Tufted Capuchin

The Tufted Capuchin, also known as Brown Capuchin or Black-capped Capuchin is a New World primate from South America. As traditionally defined, it is one of the most widespread primates in the Neotropics, but it has recently been recommended considering the Black-striped, Black and Golden-bellied Capuchins as separate species, thereby effectively limiting the Tufted Capuchin to the Amazon Basin and nearby regions.

The Tufted Capuchin is an omnivorous animal, mostly feeding on fruits and invertebrates, although it sometimes feeds on small vertebrates (e.g. lizards and bird chicks) and other plant parts. It can be found in many different kinds of environment, including moist tropical and subtropical forest, dry forest, and disturbed or secondary forest.

Like other capuchins, it is a social animal, forming groups of 8 to 15 individuals that are led by an alpha or dominant male.

Physical characteristics

The Tufted Capuchin is more powerfully built than the other capuchins, with rougher fur and a short, thick tail. It has a bundle of long, hardened hair on the forehead that can be raised as a sort of "wig". The fur is brownish gray, with the belly being somewhat lighter-colored than the rest of the body. The hands and feet are black. The tail is strong and can be used as a grasping tail.

The Tufted Capuchin has a head-body length of 32 to 57 cm, a tail length of 38 to 56 cm, and a weight of 1.9 to 4.8 kg, with the males generally being larger and heavier than the females.

Distribution and habitat

This species lives in the northern Amazon rainforest of the Guyanas and Brazil to the west of the Rio Negro, as far north as the Orinoco in Venezuela. It can be found in a large variety of forest types, mainly in tropical rainforests (up till a height of 2700 m), but also in more open forests.

The distribution overlaps with that of other species of capuchins, such as the White-fronted Capuchin.

The Tufted Capuchin is a diurnal, arboreal primate species, but it often forages on the ground to search for food or to walk longer distances between trees that are too far apart to jump. During the night, the capuchin rests in a hollow tree or between dense branches.

The Tufted Capuchin lives a solitary life, or in groups of two to twenty animals. A single group usually contains only one adult male, but mixed groups with multiple males do also occur. In that case, one of the males is dominant. He accepts only a few monkeys in his direct surroundings, mainly younger animals and a few females. The dominant male and the group members that are close to him have the privilege to eat first in case of food scarcity, while subordinate monkeys have to wait until they are ready.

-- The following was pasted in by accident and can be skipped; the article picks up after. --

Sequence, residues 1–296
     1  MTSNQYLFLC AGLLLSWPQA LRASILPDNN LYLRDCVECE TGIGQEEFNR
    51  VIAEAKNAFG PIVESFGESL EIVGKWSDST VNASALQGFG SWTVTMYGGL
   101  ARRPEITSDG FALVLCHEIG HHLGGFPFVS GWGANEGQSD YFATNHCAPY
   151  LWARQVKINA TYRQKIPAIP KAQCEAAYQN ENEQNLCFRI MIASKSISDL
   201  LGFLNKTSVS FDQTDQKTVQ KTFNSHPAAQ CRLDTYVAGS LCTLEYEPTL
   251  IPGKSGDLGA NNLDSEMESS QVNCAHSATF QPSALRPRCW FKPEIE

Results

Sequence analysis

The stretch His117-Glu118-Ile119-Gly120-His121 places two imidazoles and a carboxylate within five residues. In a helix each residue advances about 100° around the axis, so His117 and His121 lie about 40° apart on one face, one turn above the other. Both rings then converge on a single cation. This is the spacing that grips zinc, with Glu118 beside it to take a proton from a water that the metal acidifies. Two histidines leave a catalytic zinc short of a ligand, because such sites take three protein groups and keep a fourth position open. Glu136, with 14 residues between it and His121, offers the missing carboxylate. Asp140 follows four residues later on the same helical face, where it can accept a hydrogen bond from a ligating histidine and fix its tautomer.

As opposed to some other capuchins, a group of Tufted Capuchins has no fixed territory. Different groups are often encountered in the same area.

After a gestation period of 180 days, one young is born, or incidentally a twin. This young, which weighs only 200 to 250 grams, is carried on the back of its mother. The mother feeds her child for 9 months, but the young is sexually immature until its seventh year, which is quite late for a primate of its size.

Important natural enemies of the capuchin are large birds of prey. They are so afraid of those birds, that they even become alarmed when a harmless bird flies over.

The Tufted Capuchin rubs urine on its hands and feet in order to attract mates and reduce stress.


A well-known characteristic of this species is that it uses stones as a tool to open hard nuts. First it lays the nut on a large, flat stone, after which it hammers with a smaller stone until the nut is opened. Besides nuts, it also eats fruit, insects, larvae, eggs, young birds, frogs, lizards, and even bats. They are also known to chase cats. The Tufted Capuchin looks for its food in groups. As soon as one of the group members has found something edible, he or she may make a large whistling sound, dependent upon the proximity of other individuals and abundance of the food resource, so that the other monkeys know that there is something to eat. The composition of the group is very well-organized, and is determined by rank in the hierarchy. The dominant male often resides somewhere in the middle of the group just behind the front line, so that it is safer when a predator attacks. The vanguard is composed of higher-ranked females who are tolerated by the dominant male. They have the privilege to reach the food first, but they are also the most vulnerable when a predator attacks.



Pets for sale - Latest ads